Damian Jones wrote:What's wrong with this plan, what's dumb. I'm looking for a good critique.
Damian, It is great that you are interested in developing your property using a permaculture design! Since you asked for a critique I will give you my take. I don't want to discourage you in any way, but you asked our criticism. perhaps not all of my input will apply to you, but I offer general advice for others that might read this thread at a later date.
Your excitement to get things moving in the spring could lead to some costly mistakes. You likely lack the knowledge required to plan and implement something that you will be happy with in the long run. Observation of the property is key to making a good design. Start slowly this year and gain an understanding of the property in all 4 seasons. Meanwhile you can learn more about rotational grazing, resilient design, soil building, animal husbandry, etc. If you have not already bought books, I would suggest dropping $300 before you commit to more expensive items such as: aquaponics systems, larger animals, trees, equipment. Somewhere on these forums there is a great list of suggested reading material. The information contained within the top 5 permaculture books should provide a great base to start from.
Make a plan. Ask better questions and clearly define your goals for the land. The more specific you can be, the better. It is impossible to implement a good plan without a desired outcome in mind. how many people do you want to feed or what % of your diet do you want to produce? how much income (if any) needs to be generated to cover expenses and taxes? how much working capital are you willing to commit in the first year, and do you expect a return? if you do plan on making it profitable in the first year, what items would you need to produce to make that happen? Would your plans work if you or your family had to leave for some reason such as vacation, illness, or emergency? what is your soil like? have you tested it? do you need to amend it before you plant long term perennial crops like trees and shrubs? Would it be better to dredge and stock your ponds or buy aquaponics systems and heat the water through the winter? which of these (or other) options is most profitable in the first year: crops, hay, leasing the pasture, animal husbandry? are your goals realistic?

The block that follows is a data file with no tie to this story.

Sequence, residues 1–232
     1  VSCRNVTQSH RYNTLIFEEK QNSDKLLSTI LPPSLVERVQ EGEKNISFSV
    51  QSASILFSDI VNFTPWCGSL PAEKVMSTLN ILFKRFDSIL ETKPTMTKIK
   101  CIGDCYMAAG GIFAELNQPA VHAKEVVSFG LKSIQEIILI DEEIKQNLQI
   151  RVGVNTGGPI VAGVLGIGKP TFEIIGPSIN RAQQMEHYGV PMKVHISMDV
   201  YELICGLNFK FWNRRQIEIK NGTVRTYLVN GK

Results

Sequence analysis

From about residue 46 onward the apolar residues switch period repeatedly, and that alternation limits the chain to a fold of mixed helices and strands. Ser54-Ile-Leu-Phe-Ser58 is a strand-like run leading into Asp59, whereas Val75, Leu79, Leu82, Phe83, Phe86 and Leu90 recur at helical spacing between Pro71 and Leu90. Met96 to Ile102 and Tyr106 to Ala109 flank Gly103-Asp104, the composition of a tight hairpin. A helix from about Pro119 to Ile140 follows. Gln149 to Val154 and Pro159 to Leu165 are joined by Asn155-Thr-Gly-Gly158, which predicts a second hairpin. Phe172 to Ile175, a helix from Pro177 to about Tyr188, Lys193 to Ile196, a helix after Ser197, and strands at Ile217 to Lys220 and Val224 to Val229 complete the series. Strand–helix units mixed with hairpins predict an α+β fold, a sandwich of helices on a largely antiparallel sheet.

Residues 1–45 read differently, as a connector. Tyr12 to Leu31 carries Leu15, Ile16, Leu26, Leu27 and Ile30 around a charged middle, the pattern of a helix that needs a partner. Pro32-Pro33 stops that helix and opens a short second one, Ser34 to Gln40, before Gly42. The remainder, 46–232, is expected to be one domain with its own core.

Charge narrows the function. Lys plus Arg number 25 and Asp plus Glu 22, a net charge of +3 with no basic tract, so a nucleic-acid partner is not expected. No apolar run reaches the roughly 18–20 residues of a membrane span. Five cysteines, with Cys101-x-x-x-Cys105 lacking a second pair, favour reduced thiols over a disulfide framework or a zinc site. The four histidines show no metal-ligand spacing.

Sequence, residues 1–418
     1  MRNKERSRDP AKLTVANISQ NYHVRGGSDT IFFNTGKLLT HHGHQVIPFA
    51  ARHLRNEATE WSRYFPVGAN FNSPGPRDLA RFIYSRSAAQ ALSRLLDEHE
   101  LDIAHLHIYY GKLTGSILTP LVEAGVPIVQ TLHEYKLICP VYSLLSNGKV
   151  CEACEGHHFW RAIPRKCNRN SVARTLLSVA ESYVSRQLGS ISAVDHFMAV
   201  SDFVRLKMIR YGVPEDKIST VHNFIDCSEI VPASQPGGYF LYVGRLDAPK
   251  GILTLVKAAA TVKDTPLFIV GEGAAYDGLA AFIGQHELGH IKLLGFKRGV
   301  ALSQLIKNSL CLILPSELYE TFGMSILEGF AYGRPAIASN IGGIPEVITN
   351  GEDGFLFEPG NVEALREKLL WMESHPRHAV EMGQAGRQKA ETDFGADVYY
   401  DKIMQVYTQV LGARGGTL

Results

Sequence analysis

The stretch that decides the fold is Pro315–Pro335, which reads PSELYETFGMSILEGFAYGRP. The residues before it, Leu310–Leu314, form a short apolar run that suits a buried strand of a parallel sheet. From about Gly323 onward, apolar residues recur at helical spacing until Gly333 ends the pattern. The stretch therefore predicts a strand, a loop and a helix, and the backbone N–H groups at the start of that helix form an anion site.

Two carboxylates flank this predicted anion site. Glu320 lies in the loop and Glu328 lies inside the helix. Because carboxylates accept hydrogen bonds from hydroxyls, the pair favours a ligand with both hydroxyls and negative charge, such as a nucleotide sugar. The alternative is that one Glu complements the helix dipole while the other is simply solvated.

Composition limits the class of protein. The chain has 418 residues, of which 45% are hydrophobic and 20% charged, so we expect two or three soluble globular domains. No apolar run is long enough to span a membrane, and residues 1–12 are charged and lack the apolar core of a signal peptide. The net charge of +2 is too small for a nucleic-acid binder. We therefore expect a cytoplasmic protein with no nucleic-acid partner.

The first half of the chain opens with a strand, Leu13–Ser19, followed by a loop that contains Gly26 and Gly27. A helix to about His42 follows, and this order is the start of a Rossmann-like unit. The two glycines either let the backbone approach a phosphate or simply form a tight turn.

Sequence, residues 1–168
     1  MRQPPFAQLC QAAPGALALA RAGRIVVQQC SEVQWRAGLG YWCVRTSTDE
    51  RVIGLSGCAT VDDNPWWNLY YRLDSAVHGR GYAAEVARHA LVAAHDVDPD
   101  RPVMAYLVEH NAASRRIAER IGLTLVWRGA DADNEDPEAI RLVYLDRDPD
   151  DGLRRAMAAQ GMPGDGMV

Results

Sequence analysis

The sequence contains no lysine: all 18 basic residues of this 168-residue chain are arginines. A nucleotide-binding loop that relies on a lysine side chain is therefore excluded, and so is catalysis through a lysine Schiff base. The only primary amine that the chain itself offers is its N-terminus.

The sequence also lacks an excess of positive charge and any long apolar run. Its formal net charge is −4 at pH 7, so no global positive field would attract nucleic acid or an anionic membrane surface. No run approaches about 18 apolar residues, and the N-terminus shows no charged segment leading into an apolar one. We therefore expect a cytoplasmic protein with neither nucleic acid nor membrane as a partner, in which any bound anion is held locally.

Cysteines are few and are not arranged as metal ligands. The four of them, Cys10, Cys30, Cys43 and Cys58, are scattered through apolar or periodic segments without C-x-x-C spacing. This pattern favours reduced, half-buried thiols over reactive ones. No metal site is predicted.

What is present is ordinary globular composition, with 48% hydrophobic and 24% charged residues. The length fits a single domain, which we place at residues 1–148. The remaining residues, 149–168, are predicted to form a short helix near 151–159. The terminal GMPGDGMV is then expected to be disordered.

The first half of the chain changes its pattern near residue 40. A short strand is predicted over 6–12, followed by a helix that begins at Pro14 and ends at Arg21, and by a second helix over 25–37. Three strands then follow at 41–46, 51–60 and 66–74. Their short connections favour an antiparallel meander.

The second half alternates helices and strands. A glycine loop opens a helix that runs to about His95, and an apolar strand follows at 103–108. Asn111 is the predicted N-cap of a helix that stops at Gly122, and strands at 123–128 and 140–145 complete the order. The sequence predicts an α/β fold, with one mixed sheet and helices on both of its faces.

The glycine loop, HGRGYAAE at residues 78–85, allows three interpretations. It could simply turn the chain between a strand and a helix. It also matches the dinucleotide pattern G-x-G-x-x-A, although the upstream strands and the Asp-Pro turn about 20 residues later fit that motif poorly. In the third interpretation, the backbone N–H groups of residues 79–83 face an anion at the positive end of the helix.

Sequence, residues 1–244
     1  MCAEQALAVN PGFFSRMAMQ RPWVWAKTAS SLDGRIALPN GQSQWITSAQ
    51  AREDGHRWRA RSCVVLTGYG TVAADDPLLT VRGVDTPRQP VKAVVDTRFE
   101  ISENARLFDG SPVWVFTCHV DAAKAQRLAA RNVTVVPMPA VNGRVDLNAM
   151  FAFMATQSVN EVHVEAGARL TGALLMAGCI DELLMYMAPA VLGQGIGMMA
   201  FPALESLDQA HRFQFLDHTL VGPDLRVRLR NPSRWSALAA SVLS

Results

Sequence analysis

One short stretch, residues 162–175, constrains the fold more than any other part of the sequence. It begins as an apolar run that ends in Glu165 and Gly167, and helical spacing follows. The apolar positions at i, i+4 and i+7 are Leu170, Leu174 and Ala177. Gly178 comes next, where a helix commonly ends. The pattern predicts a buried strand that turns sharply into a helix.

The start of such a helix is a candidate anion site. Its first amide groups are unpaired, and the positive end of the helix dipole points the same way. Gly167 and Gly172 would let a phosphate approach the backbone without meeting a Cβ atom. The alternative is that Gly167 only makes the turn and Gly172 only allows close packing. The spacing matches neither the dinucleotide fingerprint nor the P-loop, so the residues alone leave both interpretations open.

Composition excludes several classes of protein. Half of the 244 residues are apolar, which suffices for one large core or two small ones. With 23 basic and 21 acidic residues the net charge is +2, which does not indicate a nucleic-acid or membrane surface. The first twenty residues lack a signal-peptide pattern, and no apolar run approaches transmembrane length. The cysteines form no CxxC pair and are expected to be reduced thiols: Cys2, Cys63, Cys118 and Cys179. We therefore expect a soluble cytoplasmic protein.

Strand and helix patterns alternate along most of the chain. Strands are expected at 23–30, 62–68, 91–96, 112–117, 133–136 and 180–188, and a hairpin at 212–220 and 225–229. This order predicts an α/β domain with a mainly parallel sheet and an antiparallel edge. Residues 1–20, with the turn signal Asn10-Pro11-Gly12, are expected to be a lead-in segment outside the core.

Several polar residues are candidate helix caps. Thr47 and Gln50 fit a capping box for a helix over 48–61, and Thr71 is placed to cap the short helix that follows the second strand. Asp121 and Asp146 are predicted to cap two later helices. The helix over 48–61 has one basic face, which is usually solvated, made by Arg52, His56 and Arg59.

My suggestion is to start small. raise a few dozen chickens for a year to see if you like caring for animals. they are easy and cheap. buy a few 20# bags of black oil sunflower seeds (non heat treated variety sold as bird seed) and sow a patch for chicken feed. raise smaller plots of grain for feed and invest most of your energy preparing the garden near the house this spring. plant a few trees and shrubs, but hold off on planting a lot of trees until you can prepare the land correctly and understand your local conditions. get your soil tested! compost shredded leaves and work on building a heavily mulched (6-18") soil in the home garden area. Learn about your land. Observe the stream and see how high it floods during heavy rains. As a part time farmer you won't have the time to tackle a serious workload. Enjoy the fact that you currently have outside employment(where you can do research, plot, and scheme on the clock) and save as much money as you can.